As a young man, Haruki Murakami played records and mixed drinks at his Tokyo Jazz club, Peter Cat, then wrote at the kitchen table until the sun came up. He loves music of all kinds - jazz, classical, folk, rock - and has more than six thousand records at home. And when he writes, his words have a music all their own, much of it learned from jazz.Jay Rubin, a self-confessed fan, has written a book for other fans who want to know more about this reclusive writer. He reveals the autobiographical elements in Murakami's fiction, and explains how he developed a distinctive new style in Japanese writing. In tracing Murakami's career, he uses interviews he conducted with the author between 1993 and 2001, and draws on insights and observations gathered from over ten years of collaborating with Murakami on translations of his works.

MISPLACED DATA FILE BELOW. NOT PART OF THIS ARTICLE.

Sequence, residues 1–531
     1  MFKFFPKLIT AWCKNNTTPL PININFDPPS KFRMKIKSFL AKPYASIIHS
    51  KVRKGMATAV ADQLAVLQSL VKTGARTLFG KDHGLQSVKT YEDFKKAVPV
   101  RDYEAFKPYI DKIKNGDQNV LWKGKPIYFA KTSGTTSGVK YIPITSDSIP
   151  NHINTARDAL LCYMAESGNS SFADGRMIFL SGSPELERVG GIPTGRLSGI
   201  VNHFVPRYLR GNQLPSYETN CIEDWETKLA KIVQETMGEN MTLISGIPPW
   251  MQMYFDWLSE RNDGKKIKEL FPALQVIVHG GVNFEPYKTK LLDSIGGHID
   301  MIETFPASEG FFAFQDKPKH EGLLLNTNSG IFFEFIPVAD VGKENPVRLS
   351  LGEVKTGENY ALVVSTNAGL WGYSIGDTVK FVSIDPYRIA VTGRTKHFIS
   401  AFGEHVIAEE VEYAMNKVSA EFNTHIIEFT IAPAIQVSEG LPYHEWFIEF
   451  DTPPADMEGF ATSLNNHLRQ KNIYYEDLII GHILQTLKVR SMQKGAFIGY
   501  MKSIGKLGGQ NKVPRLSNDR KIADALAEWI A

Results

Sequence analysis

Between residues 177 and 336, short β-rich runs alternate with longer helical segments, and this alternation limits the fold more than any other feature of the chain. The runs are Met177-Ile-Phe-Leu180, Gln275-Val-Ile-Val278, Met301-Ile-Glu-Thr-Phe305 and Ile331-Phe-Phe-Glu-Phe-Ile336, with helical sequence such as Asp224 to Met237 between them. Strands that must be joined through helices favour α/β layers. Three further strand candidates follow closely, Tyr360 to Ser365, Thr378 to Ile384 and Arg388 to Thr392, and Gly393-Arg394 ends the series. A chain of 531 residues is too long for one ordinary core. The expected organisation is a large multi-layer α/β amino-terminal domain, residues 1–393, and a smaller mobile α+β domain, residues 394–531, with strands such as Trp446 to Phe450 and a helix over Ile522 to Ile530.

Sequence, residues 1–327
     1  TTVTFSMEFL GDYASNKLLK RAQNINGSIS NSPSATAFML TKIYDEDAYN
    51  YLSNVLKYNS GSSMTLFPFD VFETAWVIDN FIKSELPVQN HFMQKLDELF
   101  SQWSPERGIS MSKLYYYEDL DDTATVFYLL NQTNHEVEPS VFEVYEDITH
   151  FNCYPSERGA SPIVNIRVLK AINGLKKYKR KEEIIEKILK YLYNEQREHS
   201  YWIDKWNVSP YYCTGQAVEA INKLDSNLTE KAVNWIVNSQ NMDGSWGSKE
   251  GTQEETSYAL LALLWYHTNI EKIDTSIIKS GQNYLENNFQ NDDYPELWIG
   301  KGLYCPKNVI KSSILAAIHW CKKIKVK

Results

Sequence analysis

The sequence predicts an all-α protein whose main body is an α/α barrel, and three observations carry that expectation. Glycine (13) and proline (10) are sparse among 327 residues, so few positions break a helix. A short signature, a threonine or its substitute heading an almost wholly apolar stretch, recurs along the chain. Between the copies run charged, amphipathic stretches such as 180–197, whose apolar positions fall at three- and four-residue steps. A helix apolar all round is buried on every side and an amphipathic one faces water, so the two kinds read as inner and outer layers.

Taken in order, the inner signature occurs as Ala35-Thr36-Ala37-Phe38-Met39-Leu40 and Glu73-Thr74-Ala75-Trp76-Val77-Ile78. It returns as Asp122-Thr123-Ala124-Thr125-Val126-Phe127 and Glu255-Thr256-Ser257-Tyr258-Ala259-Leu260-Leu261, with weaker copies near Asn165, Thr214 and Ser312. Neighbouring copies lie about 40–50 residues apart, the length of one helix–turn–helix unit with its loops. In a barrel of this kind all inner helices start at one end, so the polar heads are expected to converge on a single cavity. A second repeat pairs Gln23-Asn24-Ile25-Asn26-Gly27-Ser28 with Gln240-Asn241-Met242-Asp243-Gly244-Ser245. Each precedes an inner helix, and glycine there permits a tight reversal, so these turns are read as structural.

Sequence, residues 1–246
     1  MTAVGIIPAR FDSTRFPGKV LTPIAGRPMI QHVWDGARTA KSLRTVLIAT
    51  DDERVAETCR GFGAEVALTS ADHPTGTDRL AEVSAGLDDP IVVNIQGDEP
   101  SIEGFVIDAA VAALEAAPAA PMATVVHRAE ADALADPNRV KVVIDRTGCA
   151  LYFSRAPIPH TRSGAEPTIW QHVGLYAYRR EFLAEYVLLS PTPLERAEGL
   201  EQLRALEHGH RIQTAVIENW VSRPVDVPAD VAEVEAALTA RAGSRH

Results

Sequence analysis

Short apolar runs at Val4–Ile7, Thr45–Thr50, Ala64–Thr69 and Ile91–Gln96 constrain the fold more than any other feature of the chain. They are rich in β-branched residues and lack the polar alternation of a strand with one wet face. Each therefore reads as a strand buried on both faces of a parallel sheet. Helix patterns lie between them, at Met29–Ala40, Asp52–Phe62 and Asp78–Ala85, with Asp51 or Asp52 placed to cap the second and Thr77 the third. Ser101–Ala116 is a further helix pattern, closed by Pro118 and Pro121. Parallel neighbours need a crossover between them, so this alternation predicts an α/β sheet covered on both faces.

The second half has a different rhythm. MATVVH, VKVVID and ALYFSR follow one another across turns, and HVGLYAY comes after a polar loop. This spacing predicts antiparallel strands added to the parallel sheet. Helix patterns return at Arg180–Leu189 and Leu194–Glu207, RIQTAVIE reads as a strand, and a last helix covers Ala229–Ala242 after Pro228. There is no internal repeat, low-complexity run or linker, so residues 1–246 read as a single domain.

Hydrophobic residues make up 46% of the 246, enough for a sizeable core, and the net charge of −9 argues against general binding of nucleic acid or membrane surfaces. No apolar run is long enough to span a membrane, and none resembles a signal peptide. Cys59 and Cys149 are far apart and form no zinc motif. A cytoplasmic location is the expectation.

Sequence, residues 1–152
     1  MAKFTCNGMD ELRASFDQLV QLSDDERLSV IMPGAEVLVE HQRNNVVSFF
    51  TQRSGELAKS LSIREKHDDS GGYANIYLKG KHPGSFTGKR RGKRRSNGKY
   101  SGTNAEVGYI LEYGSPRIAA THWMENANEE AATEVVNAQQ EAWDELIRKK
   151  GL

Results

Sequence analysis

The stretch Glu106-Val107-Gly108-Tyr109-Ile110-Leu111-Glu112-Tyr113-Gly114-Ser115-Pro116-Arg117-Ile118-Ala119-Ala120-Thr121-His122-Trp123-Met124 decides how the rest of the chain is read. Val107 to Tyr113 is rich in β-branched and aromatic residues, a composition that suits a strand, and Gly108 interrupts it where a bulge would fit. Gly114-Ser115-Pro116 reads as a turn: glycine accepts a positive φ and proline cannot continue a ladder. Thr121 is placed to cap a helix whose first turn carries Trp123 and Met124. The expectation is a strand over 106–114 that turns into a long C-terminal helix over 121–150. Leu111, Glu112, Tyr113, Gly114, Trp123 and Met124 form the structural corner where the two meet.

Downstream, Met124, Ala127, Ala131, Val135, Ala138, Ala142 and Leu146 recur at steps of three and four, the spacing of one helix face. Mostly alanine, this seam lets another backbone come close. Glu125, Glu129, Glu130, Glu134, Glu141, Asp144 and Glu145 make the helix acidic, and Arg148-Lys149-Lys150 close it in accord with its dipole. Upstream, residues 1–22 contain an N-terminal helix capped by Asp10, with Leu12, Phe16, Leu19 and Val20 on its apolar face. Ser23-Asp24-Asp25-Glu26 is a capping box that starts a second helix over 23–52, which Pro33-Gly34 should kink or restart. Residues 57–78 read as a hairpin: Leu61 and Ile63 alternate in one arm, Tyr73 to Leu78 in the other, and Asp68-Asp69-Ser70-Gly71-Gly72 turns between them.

The book is a little repetitive in its choice of quotes somehow and I found it a little weird when the author (Rubin) spoke about himself in the third person in one part, but otherwise it was a good read. But if you aren't already quite familiar with at least most of Murakami's novels, this would probably just be an incomprehensible spoiler party.